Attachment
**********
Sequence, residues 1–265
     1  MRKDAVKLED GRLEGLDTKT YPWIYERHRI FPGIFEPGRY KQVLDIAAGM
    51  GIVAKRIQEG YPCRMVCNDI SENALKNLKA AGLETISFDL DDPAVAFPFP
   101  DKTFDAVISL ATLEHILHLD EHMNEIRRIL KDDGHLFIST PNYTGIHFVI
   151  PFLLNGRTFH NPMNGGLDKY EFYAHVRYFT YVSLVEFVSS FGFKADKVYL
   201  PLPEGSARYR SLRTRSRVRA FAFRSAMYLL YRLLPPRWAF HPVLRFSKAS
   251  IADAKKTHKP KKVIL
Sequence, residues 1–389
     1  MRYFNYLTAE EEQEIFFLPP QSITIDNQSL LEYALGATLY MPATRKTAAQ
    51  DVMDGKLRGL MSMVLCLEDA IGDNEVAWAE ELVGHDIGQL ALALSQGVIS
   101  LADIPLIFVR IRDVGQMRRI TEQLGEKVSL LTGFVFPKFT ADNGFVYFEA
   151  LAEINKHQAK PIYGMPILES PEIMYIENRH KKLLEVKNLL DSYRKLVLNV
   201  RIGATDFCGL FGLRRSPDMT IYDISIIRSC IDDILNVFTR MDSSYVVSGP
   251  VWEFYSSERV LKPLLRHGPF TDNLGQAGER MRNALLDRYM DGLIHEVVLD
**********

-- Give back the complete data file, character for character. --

Sequence, residues 1–265
     1  MRKDAVKLED GRLEGLDTKT YPWIYERHRI FPGIFEPGRY KQVLDIAAGM
    51  GIVAKRIQEG YPCRMVCNDI SENALKNLKA AGLETISFDL DDPAVAFPFP
   101  DKTFDAVISL ATLEHILHLD EHMNEIRRIL KDDGHLFIST PNYTGIHFVI
   151  PFLLNGRTFH NPMNGGLDKY EFYAHVRYFT YVSLVEFVSS FGFKADKVYL
   201  PLPEGSARYR SLRTRSRVRA FAFRSAMYLL YRLLPPRWAF HPVLRFSKAS
   251  IADAKKTHKP KKVIL
Sequence, residues 1–389
     1  MRYFNYLTAE EEQEIFFLPP QSITIDNQSL LEYALGATLY MPATRKTAAQ
    51  DVMDGKLRGL MSMVLCLEDA IGDNEVAWAE ELVGHDIGQL ALALSQGVIS
   101  LADIPLIFVR IRDVGQMRRI TEQLGEKVSL LTGFVFPKFT ADNGFVYFEA
   151  LAEINKHQAK PIYGMPILES PEIMYIENRH KKLLEVKNLL DSYRKLVLNV
   201  RIGATDFCGL FGLRRSPDMT IYDISIIRSC IDDILNVFTR MDSSYVVSGP
   251  VWEFYSSERV LKPLLRHGPF TDNLGQAGER MRNALLDRYM DGLIHEVVLD